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Posts Tagged ‘KTLA’

Dorner Standoff Leads to Ratings Spike For LA Stations

Tuesday’s coverage Christopher Dorner standoff and shootout gave stations in Los Angeles a big ratings boost for February sweeps. Local stations at least doubled their usual viewership, according to the Los Angeles Times:

KABC-TV led the way, with 708,000 viewers, followed by KCBS (680,000 with a KCAL simulcast), KTLA (259,000), KNBC (221,000) and KTTV (169,000). KCBS said it was the station’s highest-rated 5 p.m. newscast since at least 2004 and was nearly five times the previous average so far this month.

The Times reports that ratings fell considerably when the local stations cut away from the Dorner standoff for President Obama’s State of the Union address.

LA Stations Pivot From Dorner Coverage to State of the Union

Despite breaking news in their backyard, local stations in Los Angeles pivoted away from coverage of the Christopher Dorner manhunt to broadcast President Barack Obama‘s State of the Union address Tuesday evening.

CBS O&O KCBS, NBC O&O KNBC, ABC O&O KABC and Fox O&O KTTV all switched from wall-to-wall Dorner coverage to State of the Union coverage provided by their respective affiliated networks around 6pmPT. Dorner and police engaged in a shootout in Big Bear shortly after 4pmPT Tuesday afternoon. The cabin he the ex-L.A. cop was believed to be hiding in went up in flames later in the evening.

CW affiliate KTLA and independent station KCAL were the only stations to stay in coverage of the Dorner search. Dorner is believed to be dead inside the cabin.

Kurt the CyberGuy Sues KTLA for Breach of Contract, Age Discrimination

Kurt Knuttson, better known by his on-air persona “Kurt the CyberGuy,” is suing KTLA and several other Tribune stations for breach of contract and age discrimination, according to The Hollywood Reporter.

Knuttson joined KTLA, Tribune’s CW affiliate in Los Angeles, as a technology reporter in 1995. He agreed to provide his reporting to KTLA in exchange for exposure, and within two years, his reports were being syndicated to other Tribune stations.

In 2008, he signed a five-year deal with the station, but two years later, his contract was terminated. Knuttson says he was informed that the deal would be renegotiated, but that he would be paid less. In 2011, he was informed he would no longer appear on the air.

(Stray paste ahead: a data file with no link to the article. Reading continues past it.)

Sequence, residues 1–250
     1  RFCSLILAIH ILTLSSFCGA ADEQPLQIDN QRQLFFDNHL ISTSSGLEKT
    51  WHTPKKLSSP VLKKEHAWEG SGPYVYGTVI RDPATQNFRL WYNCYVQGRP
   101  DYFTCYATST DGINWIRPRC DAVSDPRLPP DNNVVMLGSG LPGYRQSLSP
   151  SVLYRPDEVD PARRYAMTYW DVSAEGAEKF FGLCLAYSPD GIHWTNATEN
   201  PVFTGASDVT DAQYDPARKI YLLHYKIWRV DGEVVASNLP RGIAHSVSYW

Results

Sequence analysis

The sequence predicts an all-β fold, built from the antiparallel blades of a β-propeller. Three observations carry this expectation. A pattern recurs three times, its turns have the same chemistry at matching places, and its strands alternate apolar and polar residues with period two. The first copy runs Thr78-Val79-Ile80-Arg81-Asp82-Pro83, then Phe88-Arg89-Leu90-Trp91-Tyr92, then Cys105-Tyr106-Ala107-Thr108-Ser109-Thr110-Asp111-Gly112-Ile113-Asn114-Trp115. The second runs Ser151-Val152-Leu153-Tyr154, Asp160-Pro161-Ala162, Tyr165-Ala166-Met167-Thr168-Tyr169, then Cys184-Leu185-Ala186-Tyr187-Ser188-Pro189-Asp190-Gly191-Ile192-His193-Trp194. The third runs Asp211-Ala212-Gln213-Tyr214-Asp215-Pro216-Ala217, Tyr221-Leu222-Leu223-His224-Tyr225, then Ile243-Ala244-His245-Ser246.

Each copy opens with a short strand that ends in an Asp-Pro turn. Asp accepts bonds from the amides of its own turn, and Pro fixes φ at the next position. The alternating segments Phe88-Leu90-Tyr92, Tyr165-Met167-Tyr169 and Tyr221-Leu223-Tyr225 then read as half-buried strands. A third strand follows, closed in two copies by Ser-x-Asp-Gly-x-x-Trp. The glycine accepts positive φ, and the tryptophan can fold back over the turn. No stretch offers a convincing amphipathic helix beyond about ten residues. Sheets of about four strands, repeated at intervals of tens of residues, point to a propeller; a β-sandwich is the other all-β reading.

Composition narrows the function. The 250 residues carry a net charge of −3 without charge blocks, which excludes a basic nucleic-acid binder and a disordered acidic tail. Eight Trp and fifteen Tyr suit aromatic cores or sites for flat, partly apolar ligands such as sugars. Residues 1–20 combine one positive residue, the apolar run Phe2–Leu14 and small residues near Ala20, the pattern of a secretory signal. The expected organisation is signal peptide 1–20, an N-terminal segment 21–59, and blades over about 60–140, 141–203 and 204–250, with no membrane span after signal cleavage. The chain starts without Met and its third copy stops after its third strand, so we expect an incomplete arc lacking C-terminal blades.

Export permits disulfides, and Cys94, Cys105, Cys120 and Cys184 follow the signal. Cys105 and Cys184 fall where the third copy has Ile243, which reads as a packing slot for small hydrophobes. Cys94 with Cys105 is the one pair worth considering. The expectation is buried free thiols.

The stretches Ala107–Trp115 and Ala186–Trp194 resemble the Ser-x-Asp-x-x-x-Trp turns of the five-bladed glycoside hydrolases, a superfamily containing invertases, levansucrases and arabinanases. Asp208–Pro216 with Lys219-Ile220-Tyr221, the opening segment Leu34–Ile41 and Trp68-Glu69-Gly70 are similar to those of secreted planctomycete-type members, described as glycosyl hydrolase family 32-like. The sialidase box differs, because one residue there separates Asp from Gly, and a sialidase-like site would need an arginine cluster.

THR has more details on Knuttson’s version of what happened next:

Despite being let go, Knutsson says his name and image continued for some time on the TV station’s websites, but when a viewer clicked on the link, they were shown consumer technology reports by Rich DeMuro instead, that were broadcast from the same studio as CyberGuy, with the same format and style

KTLA and the other stations never announced his departure to viewers. He says they also “manipulated content descriptions (keywords and metatags) in order to produce misleading results from common search engines so persons seeking Knutsson were routed to (DeMuro).” Read more

LAPD Requests Stations Avoid Showing Officers’ ‘Tactical Movements’ in Manhunt Coverage

Broadcast media outlets in Los Angeles have been asked to avoid showing the “tactical movements” of officers during live coverage of the manhunt for Christopher Dorner, the ex-LAPD officer who allegedly shot four police officers Thursday morning.

“The Los Angeles Police Protective League respectfully requests that media outlets broadcasting live images from Big Bear discontinue showing the tactical movements of officers searching for Christopher Jordan Dorner,” a representative of the union wrote in an email to broadcast media outlets Thursday afternoon. “We request the assistance of the media in helping to protect the officers searching for this murder suspect.”

LA stations have been in various degrees of continuing coverage throughout the day. The stations have provided aerial coverage over Big Bear, where police have been focusing their search efforts. The news helicopters have occasionally captured shots LAPD officers in the park (like in the screengrab above, from KTLA‘s coverage).

A representative for the union said the stations have been receptive to the request.

KTLA’s Rebecca Hall Files Complaint Against SAG-AFTRA

KTLA‘s Rebecca Hall has filed an unfair labor practice complaint against SAG-AFTRA, Hollywood’s largest entertainment union, according to the Los Angeles Times.

Hall, who is a reporter and weekend sports anchor at KTLA, filed the complaint Wednesday with the National Labor Relations Board. In the filing, Halls says the union demanded she pay “excessive” initiation fees and union dues if she wanted to keep working at KTLA, Tribune’s CW affiliate in Los Angeles.

Hall’s complaint was filed with the help of attorneys from the National Right to Work Foundation, the L.A. Times reports: